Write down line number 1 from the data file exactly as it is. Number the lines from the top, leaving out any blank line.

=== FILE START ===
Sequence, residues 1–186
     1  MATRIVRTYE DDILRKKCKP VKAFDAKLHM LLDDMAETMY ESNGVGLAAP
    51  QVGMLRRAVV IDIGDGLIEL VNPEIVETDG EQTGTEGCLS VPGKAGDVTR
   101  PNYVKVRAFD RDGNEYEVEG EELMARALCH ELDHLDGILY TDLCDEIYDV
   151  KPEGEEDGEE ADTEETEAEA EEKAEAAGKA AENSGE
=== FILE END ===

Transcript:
Sequence, residues 1–186